Fred Jenkins' politically savvy rhymes will not be televised. Or played on Hot 98.3.
They will be presented in an excerpted Q-and-A format in which Jenkins, aka local veteran rapper Influence, freestyled his answers. No breaks. No preparation. No joke.
His freethinking rhymes can also be heard Sunday night as he opens for Brooklyn's J-Live at Club Congress. Earlier this week, he sat across from the Wildcat at the home of his producer, local hip-hop activist and UA graduate student Solomon Freed. A piano-driven rhythm was played in the background as Jenkins went off.
Wildcat: What sets you apart from any other rapper doing it today?
Jenkins: There was people like KRS and Grandmaster Flash/They had made the dash/And chose rhyming over cash/But now it's simply got to the point/Where niggas dash for the paper/Me? I talk about the worldwide caper/Not the cosmetic shit/I know that won't help me at all because time is quick/And some people die quicker than others/So I come and spit for my brothers/And that's not only black/That's white/Hispanic/Latino/Whatever.
Wildcat: What can you say about the current state of the nation right now?
Jenkins: America is a place that's doomed/From the first time it came out of hell's womb/Or maybe we should say Earth/'Cause from our birth/Everybody else going to hit the dirt/And it ain't going to be the pay/You see it's the nuclear Cold War meditation that was laid/Soon, I say about 2020/The world will be filled with clone dummies/And a lot of people fighting wars they don't know about/Like they did in Vietnam/See we don't know that route/We young and don't understand the stakes/See it's imperialistic, man/So that means there's no breaks/Only fast-forward/And we about halfway/Like I said/But soon we'll all be slaves.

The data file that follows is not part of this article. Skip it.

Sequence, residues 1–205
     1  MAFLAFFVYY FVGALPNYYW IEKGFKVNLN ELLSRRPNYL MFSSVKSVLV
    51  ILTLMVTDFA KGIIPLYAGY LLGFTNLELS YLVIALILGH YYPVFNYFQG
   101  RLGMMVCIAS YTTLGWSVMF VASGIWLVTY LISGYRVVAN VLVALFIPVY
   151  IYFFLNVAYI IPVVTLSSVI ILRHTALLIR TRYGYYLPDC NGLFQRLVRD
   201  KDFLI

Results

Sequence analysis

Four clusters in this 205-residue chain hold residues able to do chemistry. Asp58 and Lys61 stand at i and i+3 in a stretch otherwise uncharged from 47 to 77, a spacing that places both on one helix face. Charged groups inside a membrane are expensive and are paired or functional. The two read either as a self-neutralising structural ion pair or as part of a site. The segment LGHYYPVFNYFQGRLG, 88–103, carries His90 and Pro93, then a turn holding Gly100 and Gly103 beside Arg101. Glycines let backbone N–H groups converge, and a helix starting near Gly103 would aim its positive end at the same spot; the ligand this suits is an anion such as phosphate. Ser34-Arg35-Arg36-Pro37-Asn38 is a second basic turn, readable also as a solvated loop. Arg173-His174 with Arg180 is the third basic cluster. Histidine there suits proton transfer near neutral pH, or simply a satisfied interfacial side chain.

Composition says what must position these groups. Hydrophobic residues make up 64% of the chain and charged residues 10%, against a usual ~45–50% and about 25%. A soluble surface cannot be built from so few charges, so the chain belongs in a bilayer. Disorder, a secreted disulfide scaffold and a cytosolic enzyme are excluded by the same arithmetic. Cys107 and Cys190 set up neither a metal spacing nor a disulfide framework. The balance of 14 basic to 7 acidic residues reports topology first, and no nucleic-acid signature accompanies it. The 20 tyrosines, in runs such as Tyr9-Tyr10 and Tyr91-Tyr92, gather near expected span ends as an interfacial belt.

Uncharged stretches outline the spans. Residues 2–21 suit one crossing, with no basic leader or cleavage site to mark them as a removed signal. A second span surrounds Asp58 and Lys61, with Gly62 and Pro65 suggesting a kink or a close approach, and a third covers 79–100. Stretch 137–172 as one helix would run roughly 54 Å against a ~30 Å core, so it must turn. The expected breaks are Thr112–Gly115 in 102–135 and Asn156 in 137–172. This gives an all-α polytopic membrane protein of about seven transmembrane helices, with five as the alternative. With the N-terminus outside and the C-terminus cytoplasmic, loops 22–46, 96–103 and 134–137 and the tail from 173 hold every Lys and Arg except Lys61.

Wildcat: How do you feel about mainstream hip-hop today?
Jenkins: It's ruled by the corporation/So that mean there's no origin in anything what people say/When they disgracing/That microphone/Or just in the studio/It's like how they used to try to sell Menudo/If it ain't looks/It's all about the image of crooks/And they never try to tell you some brothers who read some books/Or some brothers who chill/Some brothers who work 9-to-5 and kick the real.
Wildcat: If you could only teach a child one thing, what would it be?
Jenkins: I see why they brainwashed/I see why they got fed at a young age OshKosh B'Gosh/And all that fashion shit/Only make them wonder why we out chasing cash and shit/I tell a kid/That money is only trees/And soon all the trees will be gone/So your ass can't breathe/So watch what's going on/Who's ruling you/'Cause in the end you'll recognize/That it's them that's fooling you.
Wildcat: What would you be doing if you weren't rapping?
Jenkins: Hip-hop to me was something that was fact/I've been doing it since 15/ I don't want no money/I only do this to try to resurrect some dummies/I used to be one of them myself/So every time I rock I try to bring mental health/Even if I didn't rap/I would still rap/Unless it never went down in Brooklyn or Bronx in fact.
Influence opens for J-Live, People Under The Stairs and The Spooks Sunday night at Club Congress, 311 E. Congress St., at 9. Tickets are $10 for over 21 and $13 for under 21.